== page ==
Recent donations to Georgetown University Hospital of over half a million dollars will be used to advance the creation of the Center for Mental Health Outreach, an extension of hospital services geared toward providing mental health services for at-risk social groups requiring improved health resources.

According to a press release, $500,000 from the Naomi and Nehemiah Cohen Foundation will be donated over the next four years to support mental health services for the elderly. An additional $25,000 gift was donated by the O’Keefe Foundation of Ocean Springs, Miss., to hire an executive director for the program.

Dr. Steven Epstein, interim chair of psychiatry at GU Hospital, noted that while plans for the center have been in the works for only about six months, the hospital did not anticipate such rapid developments. “You can’t implement a program without support,” he said. “The donations will allow us to implement them sooner.”

The Center will focus on mental health services for the elderly, young parents and adolescents – three groups that the center feels are often overlooked in the diagnosis and treatment of mental health problems. Providing services to the underprivileged and to minorities who are frequently underserved in terms of mental health services will also be important to the Center. It plans to improve programs already at work and develop new initiatives.

“We plan to link with existing programs that provide mental health care for the community,” Epstein said.

The Center will expand upon its existing educational program for adolescent depression and mental health. The original program was developed by faculty at Johns Hopkins University in conjunction with Depression and Related Affective Disorders Association. DRADA is a support organization for depression and manic-depressive illness sufferers and their families. As a non-profit group, DRADA supports research and self-help programs for these illnesses.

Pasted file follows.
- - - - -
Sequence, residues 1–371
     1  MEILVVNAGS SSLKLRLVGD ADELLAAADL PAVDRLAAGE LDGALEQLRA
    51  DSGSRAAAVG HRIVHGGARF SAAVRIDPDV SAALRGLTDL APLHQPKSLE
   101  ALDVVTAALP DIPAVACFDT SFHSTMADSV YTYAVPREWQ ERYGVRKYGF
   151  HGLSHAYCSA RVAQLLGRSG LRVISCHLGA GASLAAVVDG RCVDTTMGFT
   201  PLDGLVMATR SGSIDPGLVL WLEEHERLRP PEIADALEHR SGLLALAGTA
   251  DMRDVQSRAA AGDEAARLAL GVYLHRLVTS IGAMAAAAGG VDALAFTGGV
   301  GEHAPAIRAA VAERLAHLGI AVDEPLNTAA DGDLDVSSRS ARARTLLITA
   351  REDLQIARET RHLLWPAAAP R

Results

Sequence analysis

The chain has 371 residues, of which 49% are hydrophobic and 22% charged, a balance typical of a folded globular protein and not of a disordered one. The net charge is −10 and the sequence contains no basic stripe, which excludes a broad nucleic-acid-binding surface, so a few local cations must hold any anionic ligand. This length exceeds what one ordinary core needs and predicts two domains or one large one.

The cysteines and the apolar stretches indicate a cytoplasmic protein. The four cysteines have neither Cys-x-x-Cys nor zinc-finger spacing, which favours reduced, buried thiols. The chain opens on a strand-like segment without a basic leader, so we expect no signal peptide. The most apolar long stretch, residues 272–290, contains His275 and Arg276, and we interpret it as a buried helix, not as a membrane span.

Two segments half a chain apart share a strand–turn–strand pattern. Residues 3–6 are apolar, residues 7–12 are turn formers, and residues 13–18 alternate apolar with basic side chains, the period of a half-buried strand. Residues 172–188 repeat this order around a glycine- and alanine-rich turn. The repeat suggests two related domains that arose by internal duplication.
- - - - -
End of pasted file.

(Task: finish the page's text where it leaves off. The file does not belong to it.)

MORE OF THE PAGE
New programs in the works include Parents Care, an initiative to help young parents suffering from anxiety, stress and depression.

A large portion of the Center’s efforts will be toward services for the elderly.

Diagnosis and treatment of depression, Alzheimer’s and other illnesses common in older Americans will be provided by coordinating its efforts with community programs.

Epstein said the center will be an active community presence that will be easily accessible to the patients. An important mission of the center will be to make sure everyone has access to mental health services, regardless of income.

“Our primary model will be to provide these services free of charge,” he said.

In light of the recent donations, plans for the development of the center have been stepped up and though no predictions are available for when it will be opened and functioning, Epstein said the funds will speed up the process considerably.

“The next steps will be to hire an executive director and to hire a geriatric specialist,” Epstien said.

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